Hello. My name is Ed Rogan. I am a Partner at The Valtas Group and I work in our executive search practice.
In this video, I’m going to offer five tips for preparing to interview. Before I jump into the tips, I want to set just a bit of context. At the Valtas Group, we specialize in working with Boards of Directors that are hiring CEOs and Executive Directors in the nonprofit sector. Even so, this advice does apply across situations and roles and I believe you’ll find something useful here regardless of the type of position you are seeking. Remember what they say, “luck is where preparation meets opportunity”.
Tip #1: Learn about the organization
Demonstrate to the interviewer that you have taken the time to get to know something about the organization with which you are interviewing. Most social sector organizations put a great deal of information on their websites. Start there.
You can find out about their mission, vision, programs and services, their service population, the size and scope of the organization (like the annual budget, or size of the staff). You may be able to find a list of the names of the leadership team members and Board members, all in one place. Many post annual reports, form 990s, strategic plans, and audited financial statements as well. You can also use other sources like Guidestar, Glassdoor, and Charity Navigator for more information.
Now, you don’t have to know EVERYTHING, but you should know the basics.
Tip #2: Find out who you are interviewing with
This is closely related to the first tip. Most organizations will tell you who you will be meeting at each stage of the process. Do some research on each person. Find out about their role in the organization, other places they have worked or lived, schools they’ve attended, other interests they may have, where they volunteer their time – that sort of thing. Linked In is a great source for all of this information on many, many people.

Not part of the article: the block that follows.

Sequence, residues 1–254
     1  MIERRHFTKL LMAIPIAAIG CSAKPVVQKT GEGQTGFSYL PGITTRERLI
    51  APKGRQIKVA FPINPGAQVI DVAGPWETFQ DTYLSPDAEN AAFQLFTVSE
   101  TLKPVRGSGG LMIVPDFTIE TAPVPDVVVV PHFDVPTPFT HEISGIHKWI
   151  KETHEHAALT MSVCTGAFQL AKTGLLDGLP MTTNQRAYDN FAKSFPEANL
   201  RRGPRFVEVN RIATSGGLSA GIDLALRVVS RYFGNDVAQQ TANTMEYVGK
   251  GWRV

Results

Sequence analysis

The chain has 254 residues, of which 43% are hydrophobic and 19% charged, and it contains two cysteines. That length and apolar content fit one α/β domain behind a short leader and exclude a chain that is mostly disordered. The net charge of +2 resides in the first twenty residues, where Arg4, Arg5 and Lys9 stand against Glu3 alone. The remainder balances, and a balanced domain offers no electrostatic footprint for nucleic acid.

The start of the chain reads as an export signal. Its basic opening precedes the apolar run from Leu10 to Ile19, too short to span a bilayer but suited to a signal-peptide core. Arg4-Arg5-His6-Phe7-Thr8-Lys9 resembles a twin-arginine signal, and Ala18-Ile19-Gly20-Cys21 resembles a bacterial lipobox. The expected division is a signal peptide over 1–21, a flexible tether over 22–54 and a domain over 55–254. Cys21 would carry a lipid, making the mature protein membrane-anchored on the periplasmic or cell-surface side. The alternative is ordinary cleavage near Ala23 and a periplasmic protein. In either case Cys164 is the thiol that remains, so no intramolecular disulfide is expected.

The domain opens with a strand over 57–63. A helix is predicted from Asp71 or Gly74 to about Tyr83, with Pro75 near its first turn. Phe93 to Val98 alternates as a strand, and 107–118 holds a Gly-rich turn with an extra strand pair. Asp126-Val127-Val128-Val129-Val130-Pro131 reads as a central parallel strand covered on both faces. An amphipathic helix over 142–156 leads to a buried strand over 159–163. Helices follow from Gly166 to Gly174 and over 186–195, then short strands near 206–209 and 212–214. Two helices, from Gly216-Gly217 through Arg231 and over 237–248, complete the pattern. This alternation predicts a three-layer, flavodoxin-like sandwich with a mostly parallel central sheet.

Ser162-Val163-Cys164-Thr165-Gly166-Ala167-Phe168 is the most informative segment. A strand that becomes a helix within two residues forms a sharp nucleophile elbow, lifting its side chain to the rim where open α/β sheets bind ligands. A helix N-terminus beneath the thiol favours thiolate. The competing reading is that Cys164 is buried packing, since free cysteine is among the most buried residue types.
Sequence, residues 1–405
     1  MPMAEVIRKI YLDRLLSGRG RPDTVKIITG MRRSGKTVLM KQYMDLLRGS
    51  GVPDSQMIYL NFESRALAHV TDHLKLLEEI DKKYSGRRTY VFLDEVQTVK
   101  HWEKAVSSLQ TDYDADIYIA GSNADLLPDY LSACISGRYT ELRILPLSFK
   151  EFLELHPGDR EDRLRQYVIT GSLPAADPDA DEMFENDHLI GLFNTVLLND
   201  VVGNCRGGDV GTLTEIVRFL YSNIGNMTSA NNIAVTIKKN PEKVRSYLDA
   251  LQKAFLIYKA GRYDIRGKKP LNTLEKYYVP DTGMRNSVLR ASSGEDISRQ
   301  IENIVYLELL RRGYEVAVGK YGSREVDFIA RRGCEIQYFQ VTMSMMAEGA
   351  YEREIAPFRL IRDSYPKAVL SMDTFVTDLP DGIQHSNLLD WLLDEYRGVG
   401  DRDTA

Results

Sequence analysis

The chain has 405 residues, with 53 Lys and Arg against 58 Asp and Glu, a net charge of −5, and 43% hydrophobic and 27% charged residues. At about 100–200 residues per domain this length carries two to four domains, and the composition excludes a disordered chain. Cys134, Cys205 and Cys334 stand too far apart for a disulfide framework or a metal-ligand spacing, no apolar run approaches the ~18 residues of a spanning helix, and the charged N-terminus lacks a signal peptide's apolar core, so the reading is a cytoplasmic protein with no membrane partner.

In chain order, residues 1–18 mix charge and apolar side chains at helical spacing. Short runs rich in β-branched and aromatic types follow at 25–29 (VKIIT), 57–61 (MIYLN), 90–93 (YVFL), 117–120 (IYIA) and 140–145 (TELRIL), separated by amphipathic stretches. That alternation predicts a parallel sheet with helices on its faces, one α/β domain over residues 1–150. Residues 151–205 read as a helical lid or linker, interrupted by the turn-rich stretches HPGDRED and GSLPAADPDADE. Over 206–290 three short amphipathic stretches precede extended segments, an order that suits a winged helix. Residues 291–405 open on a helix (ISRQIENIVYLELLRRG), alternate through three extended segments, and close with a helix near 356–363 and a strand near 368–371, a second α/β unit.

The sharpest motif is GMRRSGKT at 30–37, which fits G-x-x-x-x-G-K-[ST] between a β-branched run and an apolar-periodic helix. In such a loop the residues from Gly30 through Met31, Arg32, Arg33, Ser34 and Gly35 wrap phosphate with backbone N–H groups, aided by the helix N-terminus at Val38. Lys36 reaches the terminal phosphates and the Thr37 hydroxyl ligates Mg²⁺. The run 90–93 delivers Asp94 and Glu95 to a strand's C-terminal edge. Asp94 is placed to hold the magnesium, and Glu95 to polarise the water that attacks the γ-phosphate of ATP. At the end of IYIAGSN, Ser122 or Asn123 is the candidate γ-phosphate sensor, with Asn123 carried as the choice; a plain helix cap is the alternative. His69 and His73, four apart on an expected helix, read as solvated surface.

You never know where your paths may have crossed in the past or what shared interests you may have. And those are great places to start to help you build rapport with your interviewers.
Tip #3: Analyze the responsibilities of the job
Take a look at the posting that you responded to or ask for a job description. Then, look at the responsibilities outlined for the job and the qualifications that they are seeking. Prepare a written comparison for yourself that aligns your skills and experience with their needs. You’ll be better prepared to discuss the role and how you will be able to meet their expectations. This will also help you develop and communicate a sense of confidence during the interview, as well as demonstrating that you’ve taken the time to really understand the role and determine your fit for the job.
Tip #4: Prepare to answer common questions
There is a ton of information out there about commonly asked questions, so I am not going to get into that here. But don’t let yourself be caught off guard by questions that you should have anticipated. By having clear, well thought out answers, you’ll come across much more confident and committed.
One of the things that I have found that really separates candidates is the use of specific examples from their experience in their responses to the questions. And not just things they’ve done recently or in their current role. These candidates dig deep and use stories and anecdotes from throughout their careers.
Remember, anyone can give the perfect textbook or theoretical answer to an interview question. But the people who can draw from their experience and illustrate how they have dealt with previous, analogous situations with explicit details REALLY stand out at the end of the day.
You can also use performance reviews from the past. They can help refresh your memory about accomplishments, goals, and achievements, as well as how others have described you, your skill set, your strengths, and areas in need of improvement.
Tip #5: Prepare a list of questions to ask
Remember, this is a two-way process - Every time you interact with someone representing your prospective employer is an opportunity for you to gather information. YOU should be evaluating the opportunity just as conscientiously as the interviewers are evaluating YOU. Make sure you have a list of questions ready to go for every interview throughout the process. You may not have time ask all of them, but you should have them ready to go nonetheless.
As a starting point, your research into the organization or your analysis of the job description may have raised some questions for you. This is your chance to get some clarity and satisfy your curiosity.
Keep in mind that every person you talk to has a unique perspective on the organization based on their position or role, what part of the organization they work in, how long they’ve been there, or if they’ve worked for other organizations in the same field. Find out what they have to say.
This also demonstrates to each and every person you talk to that you value their perspective and that you respect the unique information and insights that they can provide you.
That’s it for now. Please take a look at my other videos for more tips on effective interviewing.
Thank you so much for watching.
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